Kerry has a Secret Plan

Last week, Boston erupted in fury over the news that nearly every major road into Boston would be closed from 4PM to midnight for the Democratic Convention, July 26 through July 29. To get an idea of the impact, take a look at this map. The only route left is the Mass. Pike, Rte. 90, from the west. Since Rte. 93, the Central Artery, will be closed, you can still get to the airport through the Ted Williams Tunnel, but if you’re expecting to go anywhere near the Fleet Center and the convention, forget it. The Democrats had better be awfully thirsty, because all the bars and restaurants that were counting on the out-of-towners were not counting on losing their normal clientele.

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Boston Globe’s Rape Hoax Photos, continued

It looks like Instapundit is on the story broached by Jonathan yesterday about the fake pictures of US soldiers gang-raping an Iraqi. It turns out the pictures were from a porn site, and presented as legitimate by a Nation of Islam loony and a moonbat Boston city councillor.

I e-mailed both the Globe reported under whose by-line the article ran, and the Worldnet Daily reporter who exposed the hoax. I never heard from the Globe (perhaps Ms. Slack has disappeared into the Morrissey Avenue gulag), but Sherrie Gossett was kind enough to reply:

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From Chicago’s East Side — Blogging the Democratic Convention

One nice thing about receiving home delivery of the Boston Globe is that our carrier inserts it into a handy plastic bag which can be used to pick up dog poop. Too often, the packaging is far better than the contents, and the comparison is not much better after I’ve walked the dog. Today the newspaper featured an article on how the authorities at the Democratic convention are grappling with the issue of weblogs as legitimate press. It looks like they will be issuing some press credentials to some bloggers.

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Investing for the Cheap and Timid

Not everyone has In-Cog-Nito’s tolerance for risk. For those of us not equipped with brass appurtenances, reducing investment risk is often a goal. To increase risk, including upside risk, you issue debt, either by buying on margin or selling short, which is really just borrowing shares of stock instead of cash. To reduce risk, you acquire debt. Here is one way to do it for free.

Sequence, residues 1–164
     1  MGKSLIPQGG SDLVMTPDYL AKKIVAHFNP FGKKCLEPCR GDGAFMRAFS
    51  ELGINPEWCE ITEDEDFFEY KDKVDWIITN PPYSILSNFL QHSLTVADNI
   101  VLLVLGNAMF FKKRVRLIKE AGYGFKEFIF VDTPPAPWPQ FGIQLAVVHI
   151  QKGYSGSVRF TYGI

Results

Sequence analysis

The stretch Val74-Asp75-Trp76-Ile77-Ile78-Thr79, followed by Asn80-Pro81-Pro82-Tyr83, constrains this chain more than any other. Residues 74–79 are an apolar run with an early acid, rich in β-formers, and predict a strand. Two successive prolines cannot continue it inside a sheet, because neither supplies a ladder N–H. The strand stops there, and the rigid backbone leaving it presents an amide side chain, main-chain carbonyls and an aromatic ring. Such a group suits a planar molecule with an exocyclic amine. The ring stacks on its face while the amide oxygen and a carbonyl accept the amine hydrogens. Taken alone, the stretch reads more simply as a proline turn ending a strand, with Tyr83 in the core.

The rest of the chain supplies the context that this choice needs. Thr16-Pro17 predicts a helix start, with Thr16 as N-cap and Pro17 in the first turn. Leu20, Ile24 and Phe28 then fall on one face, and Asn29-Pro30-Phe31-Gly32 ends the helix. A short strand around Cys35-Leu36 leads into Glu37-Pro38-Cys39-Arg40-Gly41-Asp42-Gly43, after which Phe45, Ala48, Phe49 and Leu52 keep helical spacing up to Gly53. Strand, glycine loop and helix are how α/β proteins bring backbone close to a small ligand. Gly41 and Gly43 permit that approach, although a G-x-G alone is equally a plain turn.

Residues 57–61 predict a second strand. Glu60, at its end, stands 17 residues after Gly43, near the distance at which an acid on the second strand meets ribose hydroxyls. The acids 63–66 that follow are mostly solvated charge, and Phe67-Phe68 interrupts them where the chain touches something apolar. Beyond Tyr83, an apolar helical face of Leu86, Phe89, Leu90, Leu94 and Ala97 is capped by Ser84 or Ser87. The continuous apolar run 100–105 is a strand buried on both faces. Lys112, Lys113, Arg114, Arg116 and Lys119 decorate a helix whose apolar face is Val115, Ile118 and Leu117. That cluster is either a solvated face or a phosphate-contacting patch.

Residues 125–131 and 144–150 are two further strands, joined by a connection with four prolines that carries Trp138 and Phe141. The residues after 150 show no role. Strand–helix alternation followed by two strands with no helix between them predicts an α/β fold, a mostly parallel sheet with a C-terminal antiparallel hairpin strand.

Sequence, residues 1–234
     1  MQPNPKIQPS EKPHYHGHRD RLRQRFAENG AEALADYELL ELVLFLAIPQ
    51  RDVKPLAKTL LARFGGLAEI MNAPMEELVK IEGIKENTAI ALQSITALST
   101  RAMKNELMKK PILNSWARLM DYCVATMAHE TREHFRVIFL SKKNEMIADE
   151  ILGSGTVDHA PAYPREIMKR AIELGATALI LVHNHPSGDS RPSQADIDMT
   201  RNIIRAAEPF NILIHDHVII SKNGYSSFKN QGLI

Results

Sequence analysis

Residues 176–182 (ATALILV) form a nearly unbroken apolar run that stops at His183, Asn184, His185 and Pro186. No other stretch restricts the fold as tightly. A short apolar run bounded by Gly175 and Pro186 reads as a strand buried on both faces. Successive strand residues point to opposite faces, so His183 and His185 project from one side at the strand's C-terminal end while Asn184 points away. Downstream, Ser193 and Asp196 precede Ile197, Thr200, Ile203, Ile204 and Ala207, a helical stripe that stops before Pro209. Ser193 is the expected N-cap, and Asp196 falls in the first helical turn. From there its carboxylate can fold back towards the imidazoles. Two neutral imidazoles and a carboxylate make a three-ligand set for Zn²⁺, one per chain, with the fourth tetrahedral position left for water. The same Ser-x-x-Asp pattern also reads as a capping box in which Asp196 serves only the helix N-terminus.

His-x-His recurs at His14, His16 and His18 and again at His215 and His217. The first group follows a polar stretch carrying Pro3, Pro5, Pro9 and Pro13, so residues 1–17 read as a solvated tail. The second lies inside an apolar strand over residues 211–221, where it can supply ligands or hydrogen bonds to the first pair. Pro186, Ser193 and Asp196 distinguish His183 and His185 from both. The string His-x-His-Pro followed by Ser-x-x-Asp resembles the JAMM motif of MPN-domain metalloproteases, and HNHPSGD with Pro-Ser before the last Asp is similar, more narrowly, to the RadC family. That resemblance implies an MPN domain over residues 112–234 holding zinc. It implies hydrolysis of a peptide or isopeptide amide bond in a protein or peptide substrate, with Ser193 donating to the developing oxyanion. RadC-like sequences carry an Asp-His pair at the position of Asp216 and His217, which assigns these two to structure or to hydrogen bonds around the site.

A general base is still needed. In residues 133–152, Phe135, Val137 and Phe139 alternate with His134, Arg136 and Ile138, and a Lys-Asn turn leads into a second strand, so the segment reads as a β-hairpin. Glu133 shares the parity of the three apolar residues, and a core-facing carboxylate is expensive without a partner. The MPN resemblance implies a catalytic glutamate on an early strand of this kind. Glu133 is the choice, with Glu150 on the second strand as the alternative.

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Contrarian Tax Policy

At the risk of inciting a riot, let me propose that the alternative minimum tax may not be the worst idea since the designated hitter rule. Bear with me a little while before you start looking for something to throw.

The alternative minimum tax is widely unpopular for good reason. It obliterates itemized deductions, including state taxes and mortgage interest not directly related to the purchase or construction of one’s home. It comes as a surprise to the unwary individual taxpayer. Originally intended to keep rich people with clever accountants from escaping income tax, it applies at income levels that hardly qualify for tycoon status ($40,250 for single filers, $58,000 for married couples). The capital gains rate has been temporarily lowered to 15%, but will revert to 20% unless new legislation is enacted. So what is there to like about the AMT?

There are actually a couple of things to like about this tax. First, it is almost perfectly flat. The rate is 26% up to $112,500 for single filers, $150,000 for married couples. Above that, the rate increases, but only to 28%. Depreciation schedules are either straight-line or at least not as accelerated as the MACRS tables used for regular income tax. This brings the cost of tangible assets closer to the way they are presented for financial purposes. Elimination of the state tax exemption keeps the effect of state taxes inside each state’s borders.

The hidden beauty of the alternative minimum tax is that it is almost free of the effects of using tax law for social engineering. There is no income redistribution effect. Most of the rewards and penalties for economic behavior are removed, leaving it an essentially neutral revenue-raising device. It is nearly everything Jack Kemp or Steve Forbes could have asked for. If no legislative remedy is applied, it will slowly become the most common tax regime. Rather than abolishing this tax, perhaps we should consider abolishing all the others.